The Archdiocese of St. Paul and Minneapolis filed a letter Jan. 10 with the Ramsey County District Court, complying with a request from Judge John Van de North to provide recommendations for handling accusations of clergy sexual abuse of minors made known to the archdiocese after 2004.
Separate from the order, however, the archdiocese remains committed to transparency as well as “prudent and ongoing disclosure,” it said in a Jan. 14 statement.
“This principle of disclosure is unwavering,” it said. “We have been doing this, and will continue to do so, even as we work through the details of that disclosure separately with the court.”
On Dec. 5, the archdiocese released the names of 33 priests who appeared on a list of clerics believed to be credibly accused of sexual abuse of a minor when the list was compiled by the archdiocese in 2003. The list was generated to fulfill a request by the John Jay College of Criminal Justice in New York, which published a national study of clergy sexual abuse between 1950 and 2002. The Dec. 5 disclosure also included Curtis Wehmeyer, a cleric who was criminally convicted of sexual abuse of a minor last year.
The archdiocese has hired Kinsale Management Consulting to conduct a third-party review of its clergy files. Two weeks ago, as a result of the file review, the archdiocese publicly disclosed the names of two priests, one of whom had a single boundary violation and another who had more than one boundary violation. Both agreed to take leaves of absence to allow for a complete review. They remain out of active ministry until the reviews are complete.
A clergy member who is found to have a substantiated claim of sexual abuse of a minor against him is never allowed to return to active ministry.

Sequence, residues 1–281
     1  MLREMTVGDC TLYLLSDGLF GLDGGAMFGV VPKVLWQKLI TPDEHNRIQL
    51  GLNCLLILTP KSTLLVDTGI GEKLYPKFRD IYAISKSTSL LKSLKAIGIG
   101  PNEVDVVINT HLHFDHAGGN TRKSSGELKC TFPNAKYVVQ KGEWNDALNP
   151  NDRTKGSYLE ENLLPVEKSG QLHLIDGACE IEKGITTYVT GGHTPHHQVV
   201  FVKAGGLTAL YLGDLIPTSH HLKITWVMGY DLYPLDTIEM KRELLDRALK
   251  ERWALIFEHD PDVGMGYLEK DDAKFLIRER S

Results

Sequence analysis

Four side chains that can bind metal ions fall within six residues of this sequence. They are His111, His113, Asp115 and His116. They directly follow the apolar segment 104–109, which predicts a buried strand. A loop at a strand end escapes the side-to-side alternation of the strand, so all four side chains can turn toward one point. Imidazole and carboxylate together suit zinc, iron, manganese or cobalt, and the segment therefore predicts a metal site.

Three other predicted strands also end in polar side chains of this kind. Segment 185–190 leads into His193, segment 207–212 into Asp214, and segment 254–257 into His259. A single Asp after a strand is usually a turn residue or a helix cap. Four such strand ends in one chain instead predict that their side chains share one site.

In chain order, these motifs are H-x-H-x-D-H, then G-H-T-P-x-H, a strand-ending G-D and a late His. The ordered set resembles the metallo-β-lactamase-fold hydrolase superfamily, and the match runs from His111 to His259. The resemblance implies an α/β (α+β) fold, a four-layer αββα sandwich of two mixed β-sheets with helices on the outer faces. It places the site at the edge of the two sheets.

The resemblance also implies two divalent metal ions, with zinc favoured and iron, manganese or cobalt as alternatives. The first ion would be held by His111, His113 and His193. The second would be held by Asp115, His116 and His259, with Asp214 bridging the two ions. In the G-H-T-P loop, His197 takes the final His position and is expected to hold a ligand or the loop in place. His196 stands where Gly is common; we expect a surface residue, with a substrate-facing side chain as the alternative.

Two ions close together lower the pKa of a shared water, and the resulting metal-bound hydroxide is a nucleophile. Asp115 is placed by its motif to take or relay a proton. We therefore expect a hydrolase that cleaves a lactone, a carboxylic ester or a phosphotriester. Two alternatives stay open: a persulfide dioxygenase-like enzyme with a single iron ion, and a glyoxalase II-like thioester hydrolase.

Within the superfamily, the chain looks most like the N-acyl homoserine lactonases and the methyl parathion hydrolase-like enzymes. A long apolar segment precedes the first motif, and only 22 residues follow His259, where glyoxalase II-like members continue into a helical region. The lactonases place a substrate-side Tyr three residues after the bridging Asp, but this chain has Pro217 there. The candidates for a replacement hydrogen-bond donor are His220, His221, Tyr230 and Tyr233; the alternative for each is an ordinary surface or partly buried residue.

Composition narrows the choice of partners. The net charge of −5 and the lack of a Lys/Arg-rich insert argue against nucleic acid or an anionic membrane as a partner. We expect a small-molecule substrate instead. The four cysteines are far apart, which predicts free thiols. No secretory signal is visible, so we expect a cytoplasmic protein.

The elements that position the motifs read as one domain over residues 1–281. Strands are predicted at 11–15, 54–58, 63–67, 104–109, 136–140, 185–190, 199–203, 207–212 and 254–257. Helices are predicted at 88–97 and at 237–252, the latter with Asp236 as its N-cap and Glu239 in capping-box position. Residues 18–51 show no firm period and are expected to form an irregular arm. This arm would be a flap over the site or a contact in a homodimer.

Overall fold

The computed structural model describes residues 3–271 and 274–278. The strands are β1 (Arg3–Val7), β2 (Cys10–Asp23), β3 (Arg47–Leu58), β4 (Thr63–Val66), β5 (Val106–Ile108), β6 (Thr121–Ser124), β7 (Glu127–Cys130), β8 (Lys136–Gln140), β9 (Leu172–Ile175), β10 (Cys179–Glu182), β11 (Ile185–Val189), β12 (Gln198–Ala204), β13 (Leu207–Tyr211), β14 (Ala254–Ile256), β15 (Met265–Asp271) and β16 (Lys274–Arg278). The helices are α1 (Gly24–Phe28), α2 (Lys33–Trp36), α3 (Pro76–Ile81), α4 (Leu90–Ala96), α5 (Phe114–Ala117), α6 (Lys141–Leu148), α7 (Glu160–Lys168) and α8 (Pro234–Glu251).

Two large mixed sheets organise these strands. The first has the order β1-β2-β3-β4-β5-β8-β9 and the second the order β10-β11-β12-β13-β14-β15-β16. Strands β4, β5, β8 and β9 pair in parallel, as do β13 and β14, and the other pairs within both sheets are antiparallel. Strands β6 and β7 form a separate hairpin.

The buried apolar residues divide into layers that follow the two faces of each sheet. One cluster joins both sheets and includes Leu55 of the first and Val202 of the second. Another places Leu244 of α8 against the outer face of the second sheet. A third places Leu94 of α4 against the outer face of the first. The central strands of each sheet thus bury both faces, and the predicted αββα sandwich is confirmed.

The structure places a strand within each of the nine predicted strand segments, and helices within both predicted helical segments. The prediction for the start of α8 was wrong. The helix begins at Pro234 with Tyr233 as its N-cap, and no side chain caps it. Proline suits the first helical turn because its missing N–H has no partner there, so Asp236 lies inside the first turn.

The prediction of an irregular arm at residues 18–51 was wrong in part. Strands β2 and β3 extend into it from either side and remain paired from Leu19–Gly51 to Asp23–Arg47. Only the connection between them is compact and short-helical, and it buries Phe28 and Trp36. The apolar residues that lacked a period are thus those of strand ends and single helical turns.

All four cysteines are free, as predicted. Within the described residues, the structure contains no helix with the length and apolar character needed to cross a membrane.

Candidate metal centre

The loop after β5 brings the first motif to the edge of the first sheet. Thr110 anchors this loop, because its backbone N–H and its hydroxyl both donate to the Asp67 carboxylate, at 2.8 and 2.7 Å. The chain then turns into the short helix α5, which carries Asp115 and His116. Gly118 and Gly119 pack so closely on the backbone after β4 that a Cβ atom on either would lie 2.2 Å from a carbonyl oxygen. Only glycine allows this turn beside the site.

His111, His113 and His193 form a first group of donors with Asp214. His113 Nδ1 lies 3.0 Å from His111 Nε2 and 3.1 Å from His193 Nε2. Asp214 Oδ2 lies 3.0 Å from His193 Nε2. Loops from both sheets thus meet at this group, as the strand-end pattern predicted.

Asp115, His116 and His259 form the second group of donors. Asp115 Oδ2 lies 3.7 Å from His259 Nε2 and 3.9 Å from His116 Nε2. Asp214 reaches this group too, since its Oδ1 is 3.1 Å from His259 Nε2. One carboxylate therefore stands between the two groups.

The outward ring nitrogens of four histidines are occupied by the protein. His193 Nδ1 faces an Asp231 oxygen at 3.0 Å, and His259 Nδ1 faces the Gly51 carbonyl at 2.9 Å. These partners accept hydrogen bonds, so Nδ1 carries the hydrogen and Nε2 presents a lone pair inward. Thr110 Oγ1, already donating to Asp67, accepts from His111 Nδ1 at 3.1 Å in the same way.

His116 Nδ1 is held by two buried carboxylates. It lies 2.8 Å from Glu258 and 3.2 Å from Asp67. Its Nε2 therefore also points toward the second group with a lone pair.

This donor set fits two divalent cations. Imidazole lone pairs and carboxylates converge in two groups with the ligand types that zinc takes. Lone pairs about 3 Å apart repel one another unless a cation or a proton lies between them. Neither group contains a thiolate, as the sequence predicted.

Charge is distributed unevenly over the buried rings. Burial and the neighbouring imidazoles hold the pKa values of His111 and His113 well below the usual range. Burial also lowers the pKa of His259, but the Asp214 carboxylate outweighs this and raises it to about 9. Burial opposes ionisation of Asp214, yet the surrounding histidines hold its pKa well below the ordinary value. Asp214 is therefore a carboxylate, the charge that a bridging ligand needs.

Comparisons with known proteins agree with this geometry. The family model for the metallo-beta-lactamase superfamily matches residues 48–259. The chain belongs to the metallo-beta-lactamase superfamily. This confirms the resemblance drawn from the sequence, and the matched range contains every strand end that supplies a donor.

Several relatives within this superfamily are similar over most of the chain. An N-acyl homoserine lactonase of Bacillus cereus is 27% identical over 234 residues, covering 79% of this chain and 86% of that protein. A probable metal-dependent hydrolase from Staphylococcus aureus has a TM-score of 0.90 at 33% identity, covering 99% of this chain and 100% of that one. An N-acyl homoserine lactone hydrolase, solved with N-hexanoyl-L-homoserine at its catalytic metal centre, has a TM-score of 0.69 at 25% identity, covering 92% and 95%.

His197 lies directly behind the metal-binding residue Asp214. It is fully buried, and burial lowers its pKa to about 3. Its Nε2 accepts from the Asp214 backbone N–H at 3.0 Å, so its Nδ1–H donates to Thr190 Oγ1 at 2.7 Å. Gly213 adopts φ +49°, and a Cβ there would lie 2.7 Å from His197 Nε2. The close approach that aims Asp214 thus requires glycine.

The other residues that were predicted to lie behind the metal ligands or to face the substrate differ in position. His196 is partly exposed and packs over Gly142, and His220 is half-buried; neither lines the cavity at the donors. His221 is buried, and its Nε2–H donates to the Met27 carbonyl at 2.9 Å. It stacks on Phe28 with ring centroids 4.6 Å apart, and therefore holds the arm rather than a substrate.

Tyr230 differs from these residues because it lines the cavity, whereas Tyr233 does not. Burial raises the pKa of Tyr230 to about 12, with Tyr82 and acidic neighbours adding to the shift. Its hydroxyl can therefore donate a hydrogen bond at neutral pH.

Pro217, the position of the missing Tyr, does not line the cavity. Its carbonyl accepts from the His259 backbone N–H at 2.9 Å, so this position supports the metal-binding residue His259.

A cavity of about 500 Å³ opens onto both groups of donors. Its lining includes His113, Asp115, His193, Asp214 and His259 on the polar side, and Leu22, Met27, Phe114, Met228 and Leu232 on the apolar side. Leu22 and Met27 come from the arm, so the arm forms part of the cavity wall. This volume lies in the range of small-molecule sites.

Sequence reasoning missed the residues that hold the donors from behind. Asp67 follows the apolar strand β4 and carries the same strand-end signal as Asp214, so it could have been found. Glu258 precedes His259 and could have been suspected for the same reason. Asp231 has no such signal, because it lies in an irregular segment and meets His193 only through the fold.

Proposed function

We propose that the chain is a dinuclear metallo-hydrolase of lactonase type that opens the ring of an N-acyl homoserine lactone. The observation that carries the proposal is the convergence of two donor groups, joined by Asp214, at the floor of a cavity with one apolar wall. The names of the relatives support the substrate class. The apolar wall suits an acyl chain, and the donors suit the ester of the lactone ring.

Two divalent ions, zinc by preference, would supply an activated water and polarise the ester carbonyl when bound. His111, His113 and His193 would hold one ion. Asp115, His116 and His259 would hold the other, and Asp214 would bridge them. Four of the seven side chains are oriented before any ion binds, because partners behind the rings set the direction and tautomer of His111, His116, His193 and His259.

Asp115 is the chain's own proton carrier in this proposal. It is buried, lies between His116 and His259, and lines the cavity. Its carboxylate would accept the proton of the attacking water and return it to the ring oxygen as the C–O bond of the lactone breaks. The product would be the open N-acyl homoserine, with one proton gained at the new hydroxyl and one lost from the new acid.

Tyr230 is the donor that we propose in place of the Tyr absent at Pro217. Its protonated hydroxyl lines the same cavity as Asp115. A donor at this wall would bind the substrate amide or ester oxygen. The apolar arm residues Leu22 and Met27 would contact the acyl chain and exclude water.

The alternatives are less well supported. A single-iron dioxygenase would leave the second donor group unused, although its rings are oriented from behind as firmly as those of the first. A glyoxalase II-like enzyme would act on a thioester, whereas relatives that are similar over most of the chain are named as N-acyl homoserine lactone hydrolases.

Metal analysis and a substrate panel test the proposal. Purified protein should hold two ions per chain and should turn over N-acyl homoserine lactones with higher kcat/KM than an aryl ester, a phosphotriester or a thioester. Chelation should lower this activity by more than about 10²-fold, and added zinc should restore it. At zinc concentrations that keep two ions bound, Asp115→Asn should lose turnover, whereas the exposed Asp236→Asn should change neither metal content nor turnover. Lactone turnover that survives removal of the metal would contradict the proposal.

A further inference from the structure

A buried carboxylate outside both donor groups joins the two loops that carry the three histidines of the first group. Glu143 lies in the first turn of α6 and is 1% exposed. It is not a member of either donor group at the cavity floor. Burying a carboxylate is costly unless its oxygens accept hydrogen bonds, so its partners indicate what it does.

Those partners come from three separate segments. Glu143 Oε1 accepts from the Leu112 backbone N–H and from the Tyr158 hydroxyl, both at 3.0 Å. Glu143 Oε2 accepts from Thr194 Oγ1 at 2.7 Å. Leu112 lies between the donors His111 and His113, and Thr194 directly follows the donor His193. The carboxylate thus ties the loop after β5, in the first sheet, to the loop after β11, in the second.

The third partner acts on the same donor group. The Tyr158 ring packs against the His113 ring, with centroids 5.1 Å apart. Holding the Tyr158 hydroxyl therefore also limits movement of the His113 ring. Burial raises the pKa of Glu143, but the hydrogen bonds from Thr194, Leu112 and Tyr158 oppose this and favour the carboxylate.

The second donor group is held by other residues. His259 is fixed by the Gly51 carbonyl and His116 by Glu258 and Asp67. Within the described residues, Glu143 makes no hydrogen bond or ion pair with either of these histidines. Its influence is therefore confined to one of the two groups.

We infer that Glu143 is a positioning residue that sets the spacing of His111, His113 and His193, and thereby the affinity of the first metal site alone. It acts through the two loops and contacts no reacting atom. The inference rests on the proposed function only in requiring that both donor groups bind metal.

In its letter to the judge, the archdiocese also expressed concerns that the court order as written — which requires the disclosure of names of clergy “merely accused” of sexual abuse of minors after 2004 — could jeopardize the due process rights of clergy who have been falsely accused but whose names nevertheless would be required on the disclosure list because they were the subject of an accusation, regardless of the merits. In these cases, the Church would be forced to publicize even frivolous, malicious and false accusations.
The archdiocese requested the court to stay further action on the order until there is an opportunity to fully brief the court about the archdiocese’s concerns.
“We want to ensure that all parties in this matter have a full and fair hearing,” said Joseph Kueppers, the archdiocese’s chancellor for civil affairs. “It doesn’t change any of the stated policies of the archdiocese. It actually reaffirms the policies of the archdiocese for full and fair disclosure.”
“Our letter is requesting further clarification of the court’s order,” he said.
The archdiocese’s Jan. 14 statement made clear its intention with regard to working with the court and its commitment to disclosure. “As it relates to the court, the most important thing to know is this: we look forward to working with the court in establishing a reasonable and fair process that acknowledges victims and protects children, while also ensuring the rights of all are respected. We have set forth such a proposal in our letter for consideration by the court.”
In the letter, the archdiocese proposed how it would handle allegations under the terms of the court order as it now stands.
The letter specifies that the archdiocese would relay to local law enforcement any accusation of clergy abuse of a minor occurring in the archdiocese. If law enforcement refers the matter for criminal charges, the archdiocese would disclose the cleric’s name within 15 days.
If the matter is not referred for criminal charges, the archdiocese would conduct its own investigation and determine if the clergy member’s name should be disclosed.
If the determination is made to not disclose the name, the matter would be forwarded to an independent third party who would review it and decide if the allegation should be made public.
“We reiterate what we have stated for many years: we urge anyone who suspects abuse of a minor within Church ministry to first call civil authorities,” the archdiocese said in its Jan. 14 statement. It also encouraged anyone who has been a victim of sexual misconduct in Church ministry to call the archdiocesan director of advocacy and victim assistance at (651) 291-4497.
Category: Local News